• Calming effects: Catnip is known for its gentle, soothing properties, and people may consume it as tea or smoke it for relaxation purposes. – Aromatherapy: Its pleasant fragrance provides a delightful sensory experience, often used in aromatherapy to promote a calming atmosphere.
  • Cat entertainment: Catnip is famous for eliciting playful and amusing reactions in cats, making it a popular choice for pet enrichment.
  • Alternative smoking: As a non-tobacco herb, it offers an alternative smoking experience for those seeking a milder, natural option.
  • Herbal blend ingredient: Catnip mixes well with other herbs, allowing users to create customized blends for various desired effects.
  • Medicinal history: Although no health claims can be made, catnip has traditionally been used in herbal remedies for centuries, most commonly for digestive issues and sleep-related problems.

NB. Anecdotal or historical claims should not be construed as health claims. Always consult a health specialist prior to oral consumption of any herb. Consumption of any herbs might have side effects.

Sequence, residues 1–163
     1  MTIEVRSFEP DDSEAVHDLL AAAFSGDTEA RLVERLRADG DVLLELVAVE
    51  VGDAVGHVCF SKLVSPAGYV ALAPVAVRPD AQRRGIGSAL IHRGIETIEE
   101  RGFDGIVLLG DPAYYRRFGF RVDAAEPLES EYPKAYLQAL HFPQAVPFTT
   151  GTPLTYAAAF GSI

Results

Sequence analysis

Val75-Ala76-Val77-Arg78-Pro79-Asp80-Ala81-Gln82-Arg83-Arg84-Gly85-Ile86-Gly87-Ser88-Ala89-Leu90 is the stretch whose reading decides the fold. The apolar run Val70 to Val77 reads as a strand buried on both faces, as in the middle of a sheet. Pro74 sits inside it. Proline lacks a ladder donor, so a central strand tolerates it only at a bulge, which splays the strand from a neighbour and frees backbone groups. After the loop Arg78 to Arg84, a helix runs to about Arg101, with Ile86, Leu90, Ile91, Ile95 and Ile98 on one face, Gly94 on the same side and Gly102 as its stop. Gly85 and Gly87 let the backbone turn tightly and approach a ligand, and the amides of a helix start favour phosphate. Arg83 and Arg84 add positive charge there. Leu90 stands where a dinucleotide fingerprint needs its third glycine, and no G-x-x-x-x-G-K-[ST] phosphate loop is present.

How do you make a tea out of Catnip ? 

To make a herbal tea out of Catnip, you can follow these simple steps:

  1. Gather fresh or dried catnip leaves and flowers. If using fresh catnip, ensure that it has not been treated with chemicals or pesticides.
  2. Measure around 1-2 teaspoons of dried catnip or 2-3 tablespoons of fresh catnip per 8 ounces (240 ml) of water.
  3. Boil water in a kettle or pot, and then remove it from heat.
  4. Place the catnip in a tea infuser, a teapot with a built-in strainer, or directly in a teacup.
  5. Pour the hot water over the catnip, ensuring it is fully submerged or comes in contact with the herb.
  6. Steep the catnip in the hot water for 5-10 minutes. Adjust steeping time to your taste preferences; a longer steep time will result in a stronger flavor.
  7. If you put the catnip directly into the teacup, strain the tea into another cup to remove the herb. Otherwise, simply remove the infuser or use the built-in strainer if using a teapot.
  8. Optionally, you may add honey or lemon to taste, enhancing the overall flavor.

Enjoy the catnip tea while it’s warm to experience its soothing properties and pleasant taste. Make sure to consume in moderation and consult with a healthcare professional if you are pregnant, nursing, or have any health concerns.

What does Catnip look like?